- Establishing a two-year Elahé Omidyar Mir-Djalali Postdoctoral Fellowship to enable recently graduated Ph.D.s to deepen their expertise in Iranian studies and further their own research at the University;
- Launching the Elahé Omidyar Mir-Djalali Scholar Award program for tenure-track U of T faculty members in Iranian studies to assist them in compiling successful tenure files; and
- Engaging the public and bring focus to the richness of the Iranian culture by hosting annual cultural programs celebrating Persian holidays.
The new endowed position will foster the creation of new courses in Persian and Persianate Studies, support interdepartmental projects and develop regional, national and international appreciation of Persian and Iranian cultural legacies.
The Elahé Omidyar Mir-Djalali Institute of Iranian Studies will be located at 90 Queen’s Park, a state-of-the-art research and teaching facility adjacent to the Royal Ontario Museum that is currently under construction at the University. At this stunning new building, U of T scholars—more than 18 leaders in the field of Iranian Studies—will work alongside those from the School of Cities, the Faculty of Music, the Institute of Islamic Studies and the Departments of History and Near and Middle Eastern Civilizations. They will also have opportunities to connect with U of T’s outstanding network of researchers, across three campuses, and collaborate with Toronto’s lively and growing Iranian community in the heart of one of the world’s most diverse cities.
Please join our Board in celebrating together the announcement of this significant milestone for both U of T and RCHI.
New Elahé Omidyar Mir-Djalali Professor in Persian and Iranian Studies at the University of Washington
Roshan Cultural Heritage Institute is proud to announce a new endowment to the University of Washington to establish the Elahé Omidyar Mir-Djalali Professorship in Persian and Iranian Studies, in support of the Department of Near Eastern Languages and Civilizations (NELC) and its successful Persian and Iranian Studies Program. The new endowed position will foster the creation of new courses in Persian and Iranian Studies, support interdepartmental projects and develop regional, national and international appreciation of Persian and Iranian cultural legacies.
This marks the first endowed professorship in NECL and its inaugural holder will be Dr. Aria Fani, who joined UW in 2019 as an Assistant Professor in Persian and Iranian Studies. During his first year, Dr. Fani taught topical courses in Persian literature and popular courses on Near Eastern travelogues and cinematic cultures. Dr. Fani has a Ph.D. degree from the University of California, Berkeley, and his research focuses on the Persian language and cultural heritage as shared medium for modern literary cultures of Iran and Afghanistan. He has published a textbook for the teaching of Persian as a heritage language and is currently working on a poetry collection by Bizhan Jalali titled Shades of Silence.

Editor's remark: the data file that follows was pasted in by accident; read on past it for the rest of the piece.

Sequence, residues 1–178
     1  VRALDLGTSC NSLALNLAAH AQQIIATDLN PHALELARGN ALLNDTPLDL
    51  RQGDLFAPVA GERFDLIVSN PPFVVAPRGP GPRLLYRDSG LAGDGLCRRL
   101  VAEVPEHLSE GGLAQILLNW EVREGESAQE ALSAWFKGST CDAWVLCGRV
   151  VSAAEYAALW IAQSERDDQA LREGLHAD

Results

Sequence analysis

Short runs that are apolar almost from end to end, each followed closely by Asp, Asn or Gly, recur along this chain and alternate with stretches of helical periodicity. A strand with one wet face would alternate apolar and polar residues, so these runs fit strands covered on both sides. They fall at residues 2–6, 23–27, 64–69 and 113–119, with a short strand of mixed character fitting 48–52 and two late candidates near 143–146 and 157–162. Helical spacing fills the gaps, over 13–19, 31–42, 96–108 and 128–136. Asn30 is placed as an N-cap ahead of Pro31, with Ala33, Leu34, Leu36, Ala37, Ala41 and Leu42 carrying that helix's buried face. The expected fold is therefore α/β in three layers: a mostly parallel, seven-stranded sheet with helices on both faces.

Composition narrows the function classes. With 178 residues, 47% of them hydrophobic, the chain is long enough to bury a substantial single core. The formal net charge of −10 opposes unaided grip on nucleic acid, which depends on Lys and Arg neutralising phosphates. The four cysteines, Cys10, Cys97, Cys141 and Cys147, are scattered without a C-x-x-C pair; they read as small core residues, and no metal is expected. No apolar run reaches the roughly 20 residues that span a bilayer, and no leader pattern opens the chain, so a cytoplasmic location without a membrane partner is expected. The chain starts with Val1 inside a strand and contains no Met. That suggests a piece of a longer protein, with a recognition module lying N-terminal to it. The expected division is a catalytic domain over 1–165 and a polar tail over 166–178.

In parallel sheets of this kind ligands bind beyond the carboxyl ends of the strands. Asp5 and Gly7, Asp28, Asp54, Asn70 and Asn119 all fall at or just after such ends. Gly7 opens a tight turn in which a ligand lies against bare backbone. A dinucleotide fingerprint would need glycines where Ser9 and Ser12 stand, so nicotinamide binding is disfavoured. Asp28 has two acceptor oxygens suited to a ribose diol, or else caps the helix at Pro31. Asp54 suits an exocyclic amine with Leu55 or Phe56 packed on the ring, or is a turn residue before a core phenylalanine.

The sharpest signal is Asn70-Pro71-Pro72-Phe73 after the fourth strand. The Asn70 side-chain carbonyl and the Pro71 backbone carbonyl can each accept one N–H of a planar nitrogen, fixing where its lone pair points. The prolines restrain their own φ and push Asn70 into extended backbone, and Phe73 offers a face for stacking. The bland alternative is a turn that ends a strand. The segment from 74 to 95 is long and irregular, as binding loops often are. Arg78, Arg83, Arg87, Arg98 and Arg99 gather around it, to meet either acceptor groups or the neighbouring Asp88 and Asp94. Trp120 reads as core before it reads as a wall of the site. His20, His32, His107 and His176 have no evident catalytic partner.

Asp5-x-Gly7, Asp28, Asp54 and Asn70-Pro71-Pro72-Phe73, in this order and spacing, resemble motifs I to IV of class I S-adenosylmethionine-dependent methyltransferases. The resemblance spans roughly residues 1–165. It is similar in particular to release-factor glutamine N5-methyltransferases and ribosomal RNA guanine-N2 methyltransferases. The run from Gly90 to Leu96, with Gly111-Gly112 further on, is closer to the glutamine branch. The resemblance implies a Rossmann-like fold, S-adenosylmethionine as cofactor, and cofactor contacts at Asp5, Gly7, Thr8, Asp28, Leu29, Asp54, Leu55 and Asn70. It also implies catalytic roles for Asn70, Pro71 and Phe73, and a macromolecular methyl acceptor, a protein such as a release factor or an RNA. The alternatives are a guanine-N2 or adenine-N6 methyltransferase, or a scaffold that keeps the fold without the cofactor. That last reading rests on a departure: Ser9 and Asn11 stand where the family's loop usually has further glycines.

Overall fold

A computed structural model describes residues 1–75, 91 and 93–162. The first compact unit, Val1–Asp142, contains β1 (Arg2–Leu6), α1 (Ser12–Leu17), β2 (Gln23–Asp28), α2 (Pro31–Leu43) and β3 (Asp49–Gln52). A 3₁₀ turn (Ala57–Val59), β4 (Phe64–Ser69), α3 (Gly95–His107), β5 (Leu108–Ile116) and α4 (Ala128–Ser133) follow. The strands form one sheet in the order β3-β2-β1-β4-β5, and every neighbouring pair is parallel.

The new endowed position will foster the creation of new courses in Persian and Iranian Studies, support interdepartmental projects and develop regional, national and international appreciation of Persian and Iranian cultural legacies.
This is Roshan Cultural Heritage Institute’s second endowment to the University of Arizona. In 2003, an endowment for Roshan Institute Fellowship for Excellence in Persian Studies was established in NELC for outstanding graduate students in the field of Persian and Iranian studies.
Virtual Symposium: Revisiting Discourses of Love, Sex, and Desire in Modern Iran and Diaspora: September 5 – October 3, 2020
Roshan Cultural Heritage Institute is pleased to announce a virtual symposium organized by Dr. Claudia Yaghoobi, Roshan Institute Associate Professor in Persian Studies at the University of North Carolina, Chapel Hill. Originally scheduled as a one-day symposium to be held at UNC, Dr. Yaghoobi has reorganized the event into a series of virtual panels presented via Zoom webinars, so that registrants may join and enjoy listening to the lineup of papers by well-known scholars in the safety of their homes.
This virtual symposium brings together a range of scholars from different disciplines focusing on modern Iran to analyze the wide variety of ways in which love and desire have been represented, imagined, and discursively constructed. Participants will address discourses of love and desire and revisit those discourses considering the implications that they have for larger theoretical debates.
The series of panels runs from September 5 to October 3, 2020:
- Panel I: Love and Desire Across borders in Modern Iran and Diaspora – Saturday September 5th @ 5pm-6:30pm
- Panel II: Embodied Bodies, Non-normativity, and Power Dynamics in Modern Iranian Literature and Film – Saturday September 12th @ 12pm-1:30pm
- Horner-Jarrahi Keynote Speaker: Professor Janet Afary, Mellichamp Chair in Global Religion and Modernity, University of California, Santa Barbara – Saturday September 19th @ 12pm-1:30pm
- Panel III: Religio-Political Dimensions of Desire in Modern Iran – Saturday September 26th @ 12pm-1:30pm
- Roundtable: Love, Laws, and Changes – Saturday October 3rd @ 12pm-1:30pm
Registrants will be provided with a Zoom webinar link in advance of each panel.